NASA has established a new ground operations demonstrations unit for liquid hydrogen the agency built from a recycled shuttle storage facility at Kennedy Space Center.
NASA said Thursday the demonstration unit is composed of an internal cold heat exchanger supplied via a cryogenic refrigerator and a 33,000-gallon liquid hydrogen storage tank that was recycled from the Titan Centaur program.
Kennedy’s Cryogenic Test Laboratory, Glenn Research Center and Stennis Space Center along with civil servants and contractors teamed up to design, install and test the system that was tested for liquefaction, propellant densification and zero boil-off capacity.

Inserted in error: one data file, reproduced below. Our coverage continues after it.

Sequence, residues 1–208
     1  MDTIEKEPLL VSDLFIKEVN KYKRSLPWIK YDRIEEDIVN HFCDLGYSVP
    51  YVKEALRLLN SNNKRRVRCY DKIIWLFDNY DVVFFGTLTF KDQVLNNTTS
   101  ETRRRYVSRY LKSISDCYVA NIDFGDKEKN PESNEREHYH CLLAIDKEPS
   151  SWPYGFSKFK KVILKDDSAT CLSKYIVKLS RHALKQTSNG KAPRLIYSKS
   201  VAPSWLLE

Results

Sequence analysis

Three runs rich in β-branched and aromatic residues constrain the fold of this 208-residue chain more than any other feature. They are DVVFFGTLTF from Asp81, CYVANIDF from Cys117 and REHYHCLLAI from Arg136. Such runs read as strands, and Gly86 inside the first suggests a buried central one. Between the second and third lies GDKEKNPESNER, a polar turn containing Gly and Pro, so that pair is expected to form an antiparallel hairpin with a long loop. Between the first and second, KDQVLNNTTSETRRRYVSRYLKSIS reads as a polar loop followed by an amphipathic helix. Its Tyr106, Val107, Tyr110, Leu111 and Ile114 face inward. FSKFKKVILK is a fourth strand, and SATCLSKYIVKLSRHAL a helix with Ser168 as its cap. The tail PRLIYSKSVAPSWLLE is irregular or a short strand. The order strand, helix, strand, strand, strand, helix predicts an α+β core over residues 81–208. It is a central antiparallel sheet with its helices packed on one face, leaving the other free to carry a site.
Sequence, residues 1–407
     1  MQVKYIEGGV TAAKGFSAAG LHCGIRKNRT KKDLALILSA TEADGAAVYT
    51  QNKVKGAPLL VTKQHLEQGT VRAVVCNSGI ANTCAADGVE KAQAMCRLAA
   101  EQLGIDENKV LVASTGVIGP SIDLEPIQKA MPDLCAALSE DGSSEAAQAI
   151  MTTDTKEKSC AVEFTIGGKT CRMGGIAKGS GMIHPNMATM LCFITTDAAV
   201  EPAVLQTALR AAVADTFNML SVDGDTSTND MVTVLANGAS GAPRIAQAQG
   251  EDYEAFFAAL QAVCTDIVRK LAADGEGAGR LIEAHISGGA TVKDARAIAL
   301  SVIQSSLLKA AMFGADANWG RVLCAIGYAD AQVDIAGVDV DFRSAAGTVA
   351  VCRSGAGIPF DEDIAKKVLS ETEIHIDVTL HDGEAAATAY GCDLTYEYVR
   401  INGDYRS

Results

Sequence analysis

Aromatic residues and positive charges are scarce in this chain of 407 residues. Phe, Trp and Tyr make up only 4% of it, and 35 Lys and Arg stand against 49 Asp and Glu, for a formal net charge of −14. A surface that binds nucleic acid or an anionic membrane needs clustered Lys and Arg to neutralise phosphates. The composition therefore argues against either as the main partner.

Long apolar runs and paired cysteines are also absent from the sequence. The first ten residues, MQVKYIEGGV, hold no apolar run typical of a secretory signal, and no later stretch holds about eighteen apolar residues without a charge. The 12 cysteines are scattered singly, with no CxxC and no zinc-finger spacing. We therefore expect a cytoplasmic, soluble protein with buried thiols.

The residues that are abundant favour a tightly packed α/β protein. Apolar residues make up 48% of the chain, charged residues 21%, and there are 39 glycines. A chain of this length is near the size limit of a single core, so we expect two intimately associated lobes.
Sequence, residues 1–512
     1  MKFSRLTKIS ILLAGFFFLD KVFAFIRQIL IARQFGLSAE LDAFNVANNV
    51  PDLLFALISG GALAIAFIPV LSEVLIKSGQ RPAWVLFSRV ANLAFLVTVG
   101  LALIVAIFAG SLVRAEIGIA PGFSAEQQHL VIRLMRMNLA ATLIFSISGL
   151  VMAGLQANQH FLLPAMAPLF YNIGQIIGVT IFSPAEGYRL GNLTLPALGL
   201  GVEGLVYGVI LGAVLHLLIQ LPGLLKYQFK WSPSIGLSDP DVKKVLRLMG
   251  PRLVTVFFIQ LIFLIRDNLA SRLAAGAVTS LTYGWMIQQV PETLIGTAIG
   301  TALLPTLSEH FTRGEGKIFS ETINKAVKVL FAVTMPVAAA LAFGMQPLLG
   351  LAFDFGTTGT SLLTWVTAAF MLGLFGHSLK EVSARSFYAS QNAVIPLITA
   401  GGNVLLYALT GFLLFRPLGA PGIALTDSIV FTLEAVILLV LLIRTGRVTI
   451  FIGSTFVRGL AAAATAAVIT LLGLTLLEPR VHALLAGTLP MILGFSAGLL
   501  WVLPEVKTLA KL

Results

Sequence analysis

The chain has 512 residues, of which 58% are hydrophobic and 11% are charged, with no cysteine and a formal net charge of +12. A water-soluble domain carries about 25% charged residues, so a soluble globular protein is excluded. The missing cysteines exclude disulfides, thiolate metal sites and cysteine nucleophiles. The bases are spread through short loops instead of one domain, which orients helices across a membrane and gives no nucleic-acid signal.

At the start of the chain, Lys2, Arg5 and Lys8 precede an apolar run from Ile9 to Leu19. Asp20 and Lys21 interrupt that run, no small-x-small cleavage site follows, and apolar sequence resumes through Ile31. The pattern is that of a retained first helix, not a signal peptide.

“The goal would be to integrate the unit’s heat exchange system into the new tank, saving GSDO money by eliminating the loss of hydrogen,” said Bill Notardonato, principal investigator for the demo unit at Kennedy Space Center’s exploration research and technology directorate.
“By accomplishing zero boil-off of liquid hydrogen, we could save one dollar in hydrogen for every 20 cents spent on electricity to keep it cooled.”
Notardonato noted that the zero boil-off capacity can also support the Ground Systems Development and Operations Program at Kennedy Space Center.